Lab honors Lawrence and his legacy

Aug. 10, 2001

Lab honors Lawrence and his legacy


There wasn’t any cake, but plenty of people were on hand to celebrate the 100th anniversary of the birth of Lab founder Ernest O. Lawrence.
The ceremony was held Wednesday in the Visitors Center. NAI Associate Director Wayne Shotts opened the event by commenting on Lawrence’s life and legacies. He also introduced Lawrence’s daughter, Mary Lawrence Prud’-homme, and her husband, Anthony.

“You can’t talk about Lawrence without talking about the cyclotron,” Shotts said. “This elegant device, not much more than a container with connections sealed with red wax, led to some great things.” Those great things included a Nobel Prize in physics for Lawrence in 1939 and support for the American nuclear program during World War II.

Shotts took time to highlight Lawrence’s career, spotlighting the evolution of the handheld cyclotron to the eventual 184-inch cyclotron built at what would become the Lawrence Berkeley National Laboratory. Lawrence’s invention would pave the way for nuclear research.

The E.O. Lawrence Award was established, in 1959, in Lawrence’s honor, to recognize exceptional contributions to the development, use or control of nuclear energy. Shotts, himself a Lawrence Award winner, recognized several of the Lab’s other award winners in the audience, including Dick Fortner, Grant Logan, Bill Lokke, Seymour Sack, Lowell Wood and George Zimmerman.

Other medal winners attending included Rulon Linford, assistant vice provost of the University of California, and Tom Cook of Sandia-Livermore.
“I’m sure that Lawrence’s work serves as an encouragement to others to follow in his footsteps,” Shotts said of the memorial award.

John McTague, the University of California’s vice president for Laboratory Management, read a letter from UC President Richard Atkinson in honor of the event. Atkinson remarked that “Lawrence stands out as one of the UC’s most distinguished scholars, and certainly its most notable physicist.”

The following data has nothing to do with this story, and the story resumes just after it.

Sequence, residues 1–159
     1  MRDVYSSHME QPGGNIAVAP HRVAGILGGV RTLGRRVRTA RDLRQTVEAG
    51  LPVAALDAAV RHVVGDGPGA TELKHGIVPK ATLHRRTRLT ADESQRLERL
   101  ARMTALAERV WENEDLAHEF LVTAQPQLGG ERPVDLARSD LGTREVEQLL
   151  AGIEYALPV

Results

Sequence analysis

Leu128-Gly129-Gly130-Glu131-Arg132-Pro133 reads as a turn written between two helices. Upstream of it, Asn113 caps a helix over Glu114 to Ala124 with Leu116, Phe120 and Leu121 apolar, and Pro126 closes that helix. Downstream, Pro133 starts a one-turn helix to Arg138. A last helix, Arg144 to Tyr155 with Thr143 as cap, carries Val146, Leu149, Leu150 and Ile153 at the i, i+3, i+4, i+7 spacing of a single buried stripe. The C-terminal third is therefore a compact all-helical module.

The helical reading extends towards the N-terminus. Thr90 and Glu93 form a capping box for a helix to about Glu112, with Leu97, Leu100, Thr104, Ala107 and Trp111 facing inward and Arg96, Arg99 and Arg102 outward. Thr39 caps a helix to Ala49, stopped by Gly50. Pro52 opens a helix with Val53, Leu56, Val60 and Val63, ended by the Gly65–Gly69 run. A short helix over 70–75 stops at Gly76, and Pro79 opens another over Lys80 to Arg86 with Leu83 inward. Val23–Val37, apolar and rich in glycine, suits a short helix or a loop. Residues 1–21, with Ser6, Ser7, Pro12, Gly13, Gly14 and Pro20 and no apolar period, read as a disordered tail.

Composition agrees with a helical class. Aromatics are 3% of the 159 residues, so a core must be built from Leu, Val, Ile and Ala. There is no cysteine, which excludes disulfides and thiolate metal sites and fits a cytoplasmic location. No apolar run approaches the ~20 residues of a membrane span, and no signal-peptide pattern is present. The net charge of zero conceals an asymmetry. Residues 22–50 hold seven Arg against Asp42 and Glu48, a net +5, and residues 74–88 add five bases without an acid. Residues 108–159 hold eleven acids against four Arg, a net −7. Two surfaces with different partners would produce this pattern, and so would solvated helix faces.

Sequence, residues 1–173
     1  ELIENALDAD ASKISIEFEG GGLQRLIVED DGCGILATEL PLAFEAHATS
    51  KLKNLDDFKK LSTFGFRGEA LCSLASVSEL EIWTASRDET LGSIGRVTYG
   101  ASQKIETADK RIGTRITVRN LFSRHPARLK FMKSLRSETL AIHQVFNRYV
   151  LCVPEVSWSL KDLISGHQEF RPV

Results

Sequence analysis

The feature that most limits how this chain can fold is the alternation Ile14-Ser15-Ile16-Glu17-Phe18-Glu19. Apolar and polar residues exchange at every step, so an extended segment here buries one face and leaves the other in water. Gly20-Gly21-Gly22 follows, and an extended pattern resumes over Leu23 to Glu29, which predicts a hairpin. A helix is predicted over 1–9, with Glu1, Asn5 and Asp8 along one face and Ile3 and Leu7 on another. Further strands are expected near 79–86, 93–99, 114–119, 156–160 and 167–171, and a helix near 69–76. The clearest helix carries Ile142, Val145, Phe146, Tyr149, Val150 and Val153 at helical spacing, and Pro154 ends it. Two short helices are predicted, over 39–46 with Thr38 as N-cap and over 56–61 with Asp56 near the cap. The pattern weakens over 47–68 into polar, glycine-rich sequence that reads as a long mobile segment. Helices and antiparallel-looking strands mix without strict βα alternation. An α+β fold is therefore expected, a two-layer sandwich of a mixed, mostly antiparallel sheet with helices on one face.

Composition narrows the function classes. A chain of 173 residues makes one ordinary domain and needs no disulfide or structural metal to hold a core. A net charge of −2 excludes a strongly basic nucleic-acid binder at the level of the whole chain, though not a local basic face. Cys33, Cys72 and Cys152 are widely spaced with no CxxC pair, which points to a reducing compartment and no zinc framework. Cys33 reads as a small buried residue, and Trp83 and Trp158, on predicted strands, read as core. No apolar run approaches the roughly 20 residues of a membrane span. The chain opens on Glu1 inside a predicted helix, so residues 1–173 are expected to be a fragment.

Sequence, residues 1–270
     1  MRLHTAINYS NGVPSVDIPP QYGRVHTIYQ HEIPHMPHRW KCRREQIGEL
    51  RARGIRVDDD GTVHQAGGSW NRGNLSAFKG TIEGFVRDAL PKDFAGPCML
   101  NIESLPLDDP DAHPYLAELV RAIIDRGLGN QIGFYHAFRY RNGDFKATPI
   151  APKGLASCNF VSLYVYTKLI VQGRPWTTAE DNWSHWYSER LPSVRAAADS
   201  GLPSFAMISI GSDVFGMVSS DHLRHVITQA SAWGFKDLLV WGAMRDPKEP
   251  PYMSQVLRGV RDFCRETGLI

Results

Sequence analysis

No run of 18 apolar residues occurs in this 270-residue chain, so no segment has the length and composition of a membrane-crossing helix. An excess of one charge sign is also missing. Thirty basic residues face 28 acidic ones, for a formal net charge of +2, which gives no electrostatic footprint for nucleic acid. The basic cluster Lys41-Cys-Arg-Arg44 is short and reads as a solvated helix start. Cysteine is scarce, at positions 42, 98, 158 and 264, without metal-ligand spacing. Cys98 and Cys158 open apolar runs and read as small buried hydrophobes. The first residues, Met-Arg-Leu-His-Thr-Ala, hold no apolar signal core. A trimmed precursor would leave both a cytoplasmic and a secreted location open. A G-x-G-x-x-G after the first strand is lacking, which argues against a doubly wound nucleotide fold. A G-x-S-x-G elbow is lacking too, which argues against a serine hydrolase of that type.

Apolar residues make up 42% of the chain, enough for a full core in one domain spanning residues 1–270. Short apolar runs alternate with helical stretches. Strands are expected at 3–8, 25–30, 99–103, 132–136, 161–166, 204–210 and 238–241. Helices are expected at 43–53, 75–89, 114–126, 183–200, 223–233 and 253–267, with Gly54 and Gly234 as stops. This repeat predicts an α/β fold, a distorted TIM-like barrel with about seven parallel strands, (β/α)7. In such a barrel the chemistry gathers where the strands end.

“We have these remarkable labs which have prospered over the years by attracting the best people to them,” McTague said. “That’s Lawrence’s legacy — 100 years later, he’s still attracting the best people to him.”

Deputy Director Jeff Wadsworth continued the program by reading a letter of congratulations from the administrator of the National Nuclear Security Administration, Gen. John Gordon. He also read a resolution from the Livermore City Council commending the Lab for its work in science and in the community.

“Lawrence insisted on academic and scientific excellence, and emphasis on big science, a team approach, and the merging of basic science with practical engineering,” Wadsworth said. “Director Bruce Tarter likes to say ‘It’s still Lawrence’s Lab’.”

After Wadsworth spoke, new displays chronicling Lawrence’s life and highlighting the Lawrence award winners were unveiled. To close the event, Lawrence’s daughter Mary said a few words about her father.

“My father would spend his days in Berkeley and his nights out here working,” Prud’homme recalled. “It’s very gratifying to know that both the Livermore and Berkeley labs have flourished and grown since my father worked here.”

The displays of Lawrence and the E.O. Lawrence Award winners will be on exhibit in the Visitors Center for the next month. The Visitors Center (Bldg. 651) is open Monday through Friday from 1 to 4 p.m.